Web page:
That Time I Almost Cheated On My Spouse

It seemed so innocent at first.

Like a casual conversation over coffee with an old friend, it didn’t mean anything. This relationship wouldn’t go anywhere it shouldn’t go.

But an innocent conversation leads to the what-ifs and the if-onlys and the I-should’ves.

It was never really innocent if I’m honest with myself. Because a casual conversation with Discontentment is never okay.

When we invite Discontentment into our homes, we begin to plant seeds. And as we water these seeds with thoughts and fertilize the soil of our hearts with regret, the seeds can grow and spread and choke out the fruit of a solid marriage. Many divorce-ending marriages begin to crumble when the whore of Discontentment is not kicked out of our homes.

Paul teaches us that contentment is learned (Philippians 4:11–“Not that I speak from want; for I have learned to be content in whatever circumstances I am.”) It doesn’t come naturally. Being content also takes strength. The often misapplied verse “I can do all things through Him who gives me strength” (Philippians 4:13) is Paul’s commentary on contentment. Verse 12 of this same passage reads, “I know how to get along with humble means, and I also know how to live in prosperity; in any and every circumstance I have learned the secret of being filled and going hungry, both of having abundance and suffering need.”

Further, Paul reminds the Corinthians against falling into the same trap as their ancestors. He warns them (and us) not to “grumble as some of them did, and were destroyed by the destroyer” (I Corinthians 10:10). The Israelites were discontent with the provision of God, even longing to go back into the slavery of the Egyptians from which they were saved. Discontented grumbling destroys.

If true contentment is a learned strength, and if its opposite leads to destruction, then flirting with Discontentment can lead to the demise of our marriages. How do we avoid it?

First, call and recognize Discontentment for what it is: sin.

Don’t make it sexy or dress it up or label it as something else. It often comes in the disguise of “Happiness.” It is not innocent. Don’t entertain it in your thoughts. Kick it out of your head and heart like an unwanted, lazy parasite. Never let it feel welcomed even for a second. Discontentment is sin, so treat it as such. In contrast, Wisdom should be a regular guest. When Discontentment tells us our spouse isn’t the right one for us, Wisdom shouts the truth of your covenantal vows. Wisdom reminds us of our daily need of the gospel, while Discontentment urges us toward self-righteous pride. The call of Discontentment tempts us to notice every flaw of our spouse. Wisdom reminds us “Why should any living mortal…offer complaint in view of his sins?” (Lamentations 3:39).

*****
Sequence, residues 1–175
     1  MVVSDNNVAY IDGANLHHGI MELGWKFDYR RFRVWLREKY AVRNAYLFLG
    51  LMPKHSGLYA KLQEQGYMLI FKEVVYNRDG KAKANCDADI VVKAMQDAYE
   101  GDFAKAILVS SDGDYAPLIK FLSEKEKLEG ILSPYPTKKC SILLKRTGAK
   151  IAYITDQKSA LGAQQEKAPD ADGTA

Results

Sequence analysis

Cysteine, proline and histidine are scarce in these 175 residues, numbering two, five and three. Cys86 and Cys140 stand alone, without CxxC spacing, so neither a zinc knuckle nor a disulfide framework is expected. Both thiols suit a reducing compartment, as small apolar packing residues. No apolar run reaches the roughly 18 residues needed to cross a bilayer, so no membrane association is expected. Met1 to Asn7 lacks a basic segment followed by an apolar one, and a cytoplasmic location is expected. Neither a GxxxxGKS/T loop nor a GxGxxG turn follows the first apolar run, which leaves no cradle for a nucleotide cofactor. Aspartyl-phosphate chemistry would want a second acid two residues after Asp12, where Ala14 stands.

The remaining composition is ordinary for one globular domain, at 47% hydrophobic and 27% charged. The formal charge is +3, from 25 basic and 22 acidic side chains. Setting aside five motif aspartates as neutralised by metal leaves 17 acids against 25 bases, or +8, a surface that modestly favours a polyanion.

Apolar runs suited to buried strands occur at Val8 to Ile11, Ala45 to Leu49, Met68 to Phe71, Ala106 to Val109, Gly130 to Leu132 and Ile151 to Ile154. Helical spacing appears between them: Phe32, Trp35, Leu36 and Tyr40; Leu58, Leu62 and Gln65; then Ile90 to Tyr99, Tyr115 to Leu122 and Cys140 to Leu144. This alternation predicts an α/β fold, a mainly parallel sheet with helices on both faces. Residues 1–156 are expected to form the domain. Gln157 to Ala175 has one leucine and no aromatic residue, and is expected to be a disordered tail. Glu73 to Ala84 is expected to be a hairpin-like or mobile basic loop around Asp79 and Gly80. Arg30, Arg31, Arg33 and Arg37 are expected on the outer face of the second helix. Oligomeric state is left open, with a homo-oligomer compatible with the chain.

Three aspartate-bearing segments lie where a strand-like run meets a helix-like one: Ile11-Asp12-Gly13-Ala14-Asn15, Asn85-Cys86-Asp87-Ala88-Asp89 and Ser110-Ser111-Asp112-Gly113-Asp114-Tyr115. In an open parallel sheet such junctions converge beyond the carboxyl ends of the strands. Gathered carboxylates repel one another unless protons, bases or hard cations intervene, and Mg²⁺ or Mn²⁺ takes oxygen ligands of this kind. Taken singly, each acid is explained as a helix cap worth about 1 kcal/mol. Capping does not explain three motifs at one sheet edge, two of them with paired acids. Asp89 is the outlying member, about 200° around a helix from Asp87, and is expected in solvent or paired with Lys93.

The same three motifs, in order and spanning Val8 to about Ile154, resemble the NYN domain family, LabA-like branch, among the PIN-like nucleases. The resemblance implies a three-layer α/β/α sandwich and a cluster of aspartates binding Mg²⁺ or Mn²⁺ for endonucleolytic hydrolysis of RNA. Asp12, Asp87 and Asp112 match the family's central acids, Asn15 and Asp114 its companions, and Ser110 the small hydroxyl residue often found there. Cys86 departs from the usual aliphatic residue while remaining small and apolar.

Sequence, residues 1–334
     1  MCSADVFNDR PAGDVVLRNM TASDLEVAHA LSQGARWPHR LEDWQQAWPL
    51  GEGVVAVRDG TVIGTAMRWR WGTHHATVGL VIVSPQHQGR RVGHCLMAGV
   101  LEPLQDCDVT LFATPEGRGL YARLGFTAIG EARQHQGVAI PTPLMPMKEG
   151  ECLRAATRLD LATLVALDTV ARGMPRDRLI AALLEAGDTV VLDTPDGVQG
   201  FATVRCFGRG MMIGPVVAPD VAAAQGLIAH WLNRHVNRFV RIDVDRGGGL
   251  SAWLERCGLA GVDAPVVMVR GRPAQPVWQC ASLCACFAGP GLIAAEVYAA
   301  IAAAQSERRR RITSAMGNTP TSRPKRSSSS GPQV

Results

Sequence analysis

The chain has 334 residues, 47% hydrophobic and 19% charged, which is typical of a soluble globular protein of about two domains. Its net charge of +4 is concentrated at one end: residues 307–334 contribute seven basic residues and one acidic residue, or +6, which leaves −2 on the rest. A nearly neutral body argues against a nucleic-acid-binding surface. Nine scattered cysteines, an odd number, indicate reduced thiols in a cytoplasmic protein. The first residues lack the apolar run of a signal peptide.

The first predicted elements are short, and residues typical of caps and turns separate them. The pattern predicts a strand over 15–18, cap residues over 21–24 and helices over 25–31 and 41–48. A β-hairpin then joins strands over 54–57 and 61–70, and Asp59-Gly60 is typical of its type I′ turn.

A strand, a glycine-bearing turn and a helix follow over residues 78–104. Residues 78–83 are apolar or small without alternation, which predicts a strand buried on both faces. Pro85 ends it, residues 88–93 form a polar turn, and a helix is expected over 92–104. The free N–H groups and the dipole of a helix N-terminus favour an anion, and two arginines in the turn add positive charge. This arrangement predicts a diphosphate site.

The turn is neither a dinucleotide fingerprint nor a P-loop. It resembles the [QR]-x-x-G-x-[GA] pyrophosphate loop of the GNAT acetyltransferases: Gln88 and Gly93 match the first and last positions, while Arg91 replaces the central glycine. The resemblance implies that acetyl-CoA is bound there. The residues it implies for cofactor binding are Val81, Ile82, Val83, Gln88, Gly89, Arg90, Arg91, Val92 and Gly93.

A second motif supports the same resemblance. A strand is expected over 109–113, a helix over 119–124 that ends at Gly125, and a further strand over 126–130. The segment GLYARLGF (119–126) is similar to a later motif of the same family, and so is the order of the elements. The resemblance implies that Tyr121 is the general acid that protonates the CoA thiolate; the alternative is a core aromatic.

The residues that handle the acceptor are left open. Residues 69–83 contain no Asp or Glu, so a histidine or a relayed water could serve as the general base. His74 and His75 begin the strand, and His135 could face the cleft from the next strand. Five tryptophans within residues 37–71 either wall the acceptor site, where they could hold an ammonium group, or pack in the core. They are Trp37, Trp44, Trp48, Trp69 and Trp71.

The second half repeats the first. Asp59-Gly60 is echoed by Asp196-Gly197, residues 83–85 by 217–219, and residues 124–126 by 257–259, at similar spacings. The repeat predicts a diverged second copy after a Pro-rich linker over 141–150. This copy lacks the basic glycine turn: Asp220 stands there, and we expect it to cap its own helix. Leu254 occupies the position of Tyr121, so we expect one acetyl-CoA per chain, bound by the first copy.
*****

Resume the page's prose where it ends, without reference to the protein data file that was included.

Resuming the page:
Second, be thankful.

Discontentment has no room to reside in a house of thankfulness. Cultivate thankfulness in your homes. Staying thankful in all circumstances is an intentional choice. It’s easy to forget God, the One who provides and loves when life is going as we plan. It’s easy to forget that the God who provides and loves, is still good, even when tragedy strikes. Remembering who God was, is, and always will be helps us to stay thankful. Running to Him with questions (much like the psalmist does in 10:11, 22:1, 42:9b, and 44:24b, et al.) will still allow us to conclude that the “LORD hears the desire of the afflicted” (10:17). We can rest in Him because we can praise His name forever, and He rescues us because of His unfailing love (Psalm 42:11; 44:8; 44:26). Discontentment and Thankfulness will never be roommates.

Third, be on guard.

Devoted, faithful spouses do not text exes or send them private messages through social media. They would not flirt or seduce another person. A spouse who wants a strong marriage would not have private meetings with a coworker. Just as we would have boundaries against such absurd actions, we must also guard against Discontentment in the same way. We must build boundaries of Truth around our marriages. Pick up the sword, and slay Discontentment immediately. Stay in the Word. If Discontentment shows up, ask yourself if you’ve been using the weapon regularly. As we are told in I Timothy 6:6, “Godliness with contentment is great gain.” We cannot hope to have godly behavior if we don’t read the Word and follow the Spirit’s prompting and piercing. To keep our weapon sheathed is to invite Discontentment. The invitation will be accepted every single time we offer it.

No matter how crazy life gets or how much of a break from the day-to-day is needed, toying with Discontentment is dangerous. Annihilation is our battle strategy. But be warned—Discontentment can resurrect. When each battle is won, the war is not yet over until Discontentment, along with Death, is destroyed for all time.

Amy Lytle

Amy Lytle

Wife, mother, elementary school teacher who wishes pajamas were fashionably acceptable, who speaks the language of sarcasm, and who imperfectly loves Jesus and her family (though she is perfectly loved.)

7 thoughts on “That Time I Almost Cheated On My Spouse

  • February 10, 2016 at 1:28 pm

    I want to be Amy when I grow up!

  • February 10, 2016 at 1:42 pm

    Well written and addresses a subject we ignore. Thank you.

  • February 10, 2016 at 5:15 pm

    Very, very true reality here. People have so many definitions of cheating. There there’s only one true definition. It is a sin.

  • February 10, 2016 at 6:27 pm

    Great job Amy! Proud of you.

  • October 30, 2016 at 7:22 pm

    Thank you so much, Amy. Tremendous insights, along with a Biblical challenge. We are very thankful for you.

  • January 5, 2024 at 10:49 am

    Great to see this article again! Another of REO’s excellent articles I’d love to see in Spanish.


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